The Federal Bench – Annual Report 2017
The Judiciary periodically apprises Congress of the most pressing new judgeship needs, while also maximizing the use of its resources to meet workload demands and ensure that justice is delivered in a timely manner to all litigants.
Article III Judgeships
At its March 2017 meeting, the Judicial Conference approved recommendations from its Judicial Resources Committee for additional judgeships and the conversion of temporary judgeships to permanent status for districts with large, sustained workloads. The recommendations called for five new permanent circuit judgeships, 52 new permanent district judgeships, and the conversion of eight temporary district judgeships to permanent status. No comprehensive legislation was introduced in the 115th Congress incorporating the Conference’s recommendations, although district judgeship bills were introduced by individual lawmakers. In addition, an immigration bill was introduced recommending new judgeships in districts in Arizona, California, and Texas. Bills were introduced in 2017 regarding the division of the Court of Appeals for the Ninth Circuit, which contained provisions for additional circuit judgeships.
In May, the President signed into law the Consolidated Appropriations Act of 2017, which included a one-year extension of temporary judgeships in the following districts: Alabama Northern, Arizona, California Central, Florida Southern, Kansas, Missouri Eastern, New Mexico, North Carolina Western, and Texas Eastern. The lapse dates for these temporary judgeships are in 2018, meaning the first vacancy occurring after the lapse date cannot be filled.
On October 26, 2017, the President signed H.R. 2266, the Bankruptcy Judgeship Act of 2017, which provided for four new temporary judgeships and extended 14 existing temporary bankruptcy judgeships for an additional five years. The measure was paired with the $36.5 billion Disaster Relief Supplemental Appropriations Act.
The new judgeships are in the District of Delaware (2), the Middle District of Florida (1), and the Eastern District of Michigan (1). Temporary judgeships extended to October 26, 2022, are in the following districts: Delaware (5); Florida Southern (2); Maryland (1); Michigan Eastern (1); Nevada (1); North Carolina Eastern (1); Puerto Rico (2); and Virginia Eastern (1).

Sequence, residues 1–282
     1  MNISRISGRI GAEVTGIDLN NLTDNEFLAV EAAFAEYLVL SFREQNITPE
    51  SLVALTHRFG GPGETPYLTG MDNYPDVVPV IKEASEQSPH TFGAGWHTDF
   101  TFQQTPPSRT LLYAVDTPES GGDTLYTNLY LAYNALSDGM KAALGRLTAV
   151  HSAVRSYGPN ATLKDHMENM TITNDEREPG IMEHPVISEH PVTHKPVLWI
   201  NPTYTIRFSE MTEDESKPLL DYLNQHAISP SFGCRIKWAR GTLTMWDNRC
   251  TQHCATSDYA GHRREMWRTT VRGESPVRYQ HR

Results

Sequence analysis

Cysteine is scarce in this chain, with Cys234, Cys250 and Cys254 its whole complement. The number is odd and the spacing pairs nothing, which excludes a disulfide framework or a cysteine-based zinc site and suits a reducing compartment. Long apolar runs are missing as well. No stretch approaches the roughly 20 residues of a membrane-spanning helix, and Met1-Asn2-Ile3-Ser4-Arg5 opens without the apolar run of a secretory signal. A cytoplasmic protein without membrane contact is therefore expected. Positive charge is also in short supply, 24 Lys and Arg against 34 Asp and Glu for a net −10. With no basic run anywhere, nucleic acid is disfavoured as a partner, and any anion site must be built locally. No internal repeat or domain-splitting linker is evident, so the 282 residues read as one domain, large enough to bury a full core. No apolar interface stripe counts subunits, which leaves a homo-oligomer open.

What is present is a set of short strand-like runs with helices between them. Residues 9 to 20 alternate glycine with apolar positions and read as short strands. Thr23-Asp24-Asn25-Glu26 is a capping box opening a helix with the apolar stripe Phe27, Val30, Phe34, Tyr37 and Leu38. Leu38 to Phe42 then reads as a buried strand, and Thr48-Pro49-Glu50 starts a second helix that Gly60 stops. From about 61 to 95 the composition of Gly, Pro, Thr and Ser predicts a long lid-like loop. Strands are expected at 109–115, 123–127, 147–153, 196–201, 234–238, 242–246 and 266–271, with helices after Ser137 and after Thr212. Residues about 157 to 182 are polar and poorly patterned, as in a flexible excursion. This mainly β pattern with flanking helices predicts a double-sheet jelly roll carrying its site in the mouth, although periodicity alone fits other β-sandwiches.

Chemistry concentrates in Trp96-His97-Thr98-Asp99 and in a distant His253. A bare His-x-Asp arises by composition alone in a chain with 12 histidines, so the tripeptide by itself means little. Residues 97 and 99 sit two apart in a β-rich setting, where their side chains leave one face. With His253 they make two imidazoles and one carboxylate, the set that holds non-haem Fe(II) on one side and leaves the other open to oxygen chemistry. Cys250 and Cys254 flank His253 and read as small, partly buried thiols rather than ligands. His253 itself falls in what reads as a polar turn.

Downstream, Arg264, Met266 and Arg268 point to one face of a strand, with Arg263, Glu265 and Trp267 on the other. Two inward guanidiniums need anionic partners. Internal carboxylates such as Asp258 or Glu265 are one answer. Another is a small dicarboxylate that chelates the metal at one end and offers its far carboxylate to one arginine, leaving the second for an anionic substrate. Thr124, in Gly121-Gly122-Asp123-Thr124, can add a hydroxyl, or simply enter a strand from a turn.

The Judiciary supported the legislation, although it had originally requested permanent, not temporary, judgeships. At its March 2017 meeting, the Judicial Conference recommended the creation of four permanent judgeships and the conversion of 14 temporary bankruptcy judgeships to permanent status, based on the workloads in the respective courts. Congress last authorized permanent bankruptcy judgeships in 1992.
Magistrate judges handle a variety of important responsibilities for the federal Judiciary. During the 12-month period ending September 30, 2017, magistrate judges nationally conducted 380,269 felony preliminary examinations, including search warrants, initial appearances, detention hearings, preliminary proceedings, and arraignments. They disposed of Class A misdemeanor and petty cases involving 76,345 defendants and of 17,059 civil cases with consent of parties under 28 U.S.C. § 636(c), and they conducted 21,239 settlement conferences in civil cases.
In 2017, the Judicial Conference approved recommendations from its Magistrate Judges Committee to authorize four additional full-time magistrate judges – one each in the districts of Puerto Rico (San Juan), Texas Southern (McAllen), Georgia Northern (Atlanta), and South Dakota (Rapid City). The committee recommended that the Conference designate the proposed new positions for accelerated funding, effective April 1, 2018. The committee also approved a request from the California Northern District to fill two magistrate judge position vacancies, one each in San Jose and San Francisco.
Also in 2017, the committee approved filling 18 full-time magistrate judge vacancies in 12 district courts. As of October 2017, 75 retired magistrate judges were serving on recall.
Visiting and Senior Judges Provide Relief
Visiting intercircuit and intracircuit judges provide short-term assistance to courts with particularly high caseloads. The work of the judges on intercircuit assignments is facilitated by the Judicial Conference’s Committee on Intercircuit Assignments. In fiscal year 2017, the committee recommended, and the Chief Justice approved, 223 intercircuit assignments of Article III judges, up 27 percent from 2016. The committee also reviewed and concurred with four intercircuit assignments of bankruptcy judges. Visiting judges provided the following services: